Citroën Racing puts 2017 World Rally Car through its paces in Finland

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The third development session focused on the car’s aerodynamic performance, which was tested by running the vehicle at maximum speed on the jumps.

“The bodywork of the WRC must entirely cover that of the original model and the maximum width is set at 1875mm,” said Alexis Avril, project manager for the 2017 World Rally Car. “We have a lot of freedom to design the wheel arches and bumpers. We can also create air intakes for re-cooling the rear brakes and add on a diffuser.”

The aerodynamics of a race or rally car must attain maximum down-force, minimum drag and maximum cooling. To achieve this, Citroën Racing’s engineers have adopted what is now a standard methodology.

“We started the work with the CFD calculations, which let us sift through the possible options. We collaborated with the Citroën design studio in order for the race car to resemble the characteristics of the production model. From this data, we built a model that was used in the wind tunnel. Between sessions, we carried on with the CFD calculations in enriching the data from the tests, and vice versa.”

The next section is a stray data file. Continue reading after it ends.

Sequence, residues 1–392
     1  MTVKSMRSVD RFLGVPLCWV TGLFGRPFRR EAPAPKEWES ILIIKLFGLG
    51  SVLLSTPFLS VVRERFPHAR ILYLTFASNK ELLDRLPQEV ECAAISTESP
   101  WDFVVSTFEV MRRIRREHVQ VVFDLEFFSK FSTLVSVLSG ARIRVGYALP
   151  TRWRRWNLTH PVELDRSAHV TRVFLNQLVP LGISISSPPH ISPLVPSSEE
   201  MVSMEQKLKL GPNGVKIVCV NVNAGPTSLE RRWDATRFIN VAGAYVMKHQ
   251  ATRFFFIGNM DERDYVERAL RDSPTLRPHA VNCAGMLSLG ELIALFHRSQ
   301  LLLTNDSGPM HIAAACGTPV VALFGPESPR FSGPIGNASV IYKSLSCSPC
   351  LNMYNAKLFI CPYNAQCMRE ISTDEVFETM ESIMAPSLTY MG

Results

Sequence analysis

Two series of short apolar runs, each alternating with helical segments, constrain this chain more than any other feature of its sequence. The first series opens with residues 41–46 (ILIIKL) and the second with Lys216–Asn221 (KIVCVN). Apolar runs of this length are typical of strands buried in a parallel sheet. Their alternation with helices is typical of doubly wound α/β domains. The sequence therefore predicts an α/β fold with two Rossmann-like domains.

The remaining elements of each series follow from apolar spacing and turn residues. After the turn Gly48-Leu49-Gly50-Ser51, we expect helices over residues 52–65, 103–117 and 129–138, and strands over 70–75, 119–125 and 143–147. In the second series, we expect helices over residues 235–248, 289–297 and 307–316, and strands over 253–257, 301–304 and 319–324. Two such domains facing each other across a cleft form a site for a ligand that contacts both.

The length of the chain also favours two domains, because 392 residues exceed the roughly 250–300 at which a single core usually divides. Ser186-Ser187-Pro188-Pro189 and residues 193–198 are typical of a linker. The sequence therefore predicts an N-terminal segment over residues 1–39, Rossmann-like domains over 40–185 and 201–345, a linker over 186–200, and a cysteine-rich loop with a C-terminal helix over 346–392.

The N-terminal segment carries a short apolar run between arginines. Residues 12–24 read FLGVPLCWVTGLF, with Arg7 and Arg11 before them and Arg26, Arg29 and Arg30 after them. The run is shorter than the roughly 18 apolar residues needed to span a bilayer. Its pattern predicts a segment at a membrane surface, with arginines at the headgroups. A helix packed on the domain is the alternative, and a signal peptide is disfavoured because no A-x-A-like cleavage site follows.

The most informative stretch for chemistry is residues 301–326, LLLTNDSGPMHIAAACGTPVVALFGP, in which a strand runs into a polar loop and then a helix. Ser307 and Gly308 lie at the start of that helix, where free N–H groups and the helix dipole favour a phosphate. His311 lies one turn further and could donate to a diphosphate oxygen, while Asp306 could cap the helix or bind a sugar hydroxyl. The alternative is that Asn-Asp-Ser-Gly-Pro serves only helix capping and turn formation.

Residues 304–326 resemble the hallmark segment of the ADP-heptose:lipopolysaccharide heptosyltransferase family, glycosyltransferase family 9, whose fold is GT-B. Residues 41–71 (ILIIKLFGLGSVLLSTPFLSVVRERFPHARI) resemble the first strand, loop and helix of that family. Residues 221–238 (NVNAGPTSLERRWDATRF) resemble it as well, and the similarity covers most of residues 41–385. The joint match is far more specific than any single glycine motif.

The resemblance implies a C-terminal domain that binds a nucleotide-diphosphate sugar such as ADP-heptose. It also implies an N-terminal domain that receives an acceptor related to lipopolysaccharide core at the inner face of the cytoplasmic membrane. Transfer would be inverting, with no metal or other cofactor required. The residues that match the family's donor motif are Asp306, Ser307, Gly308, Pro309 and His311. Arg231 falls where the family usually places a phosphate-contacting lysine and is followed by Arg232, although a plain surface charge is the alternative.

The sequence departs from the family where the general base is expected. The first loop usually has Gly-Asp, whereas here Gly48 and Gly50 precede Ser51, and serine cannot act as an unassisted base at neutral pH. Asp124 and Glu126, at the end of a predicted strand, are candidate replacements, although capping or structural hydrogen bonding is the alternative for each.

While the aerodynamic development itself was done with CFD calculations and wind tunnel tests, the test sessions were used to assess the resilience of various components.

June 20, 2016

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John joined UKi Media & Events in 2012 and has worked across a range of B2B titles within the company's automotive, marine and entertainment divisions. Currently editor of Automotive Testing Technology International, Crash Test Technology International and Electric & Hybrid Marine Technology International, John co-ordinates the day-the-day operations of each magazine, from commissioning and writing to editing and signing-off, as well managing web content. Aside from the magazines, John also serves as co-chairman of the annual Electric & Hybrid Marine Awards and can be found sniffing out stories throughout the halls of several of UKI's industry-leading expo events.

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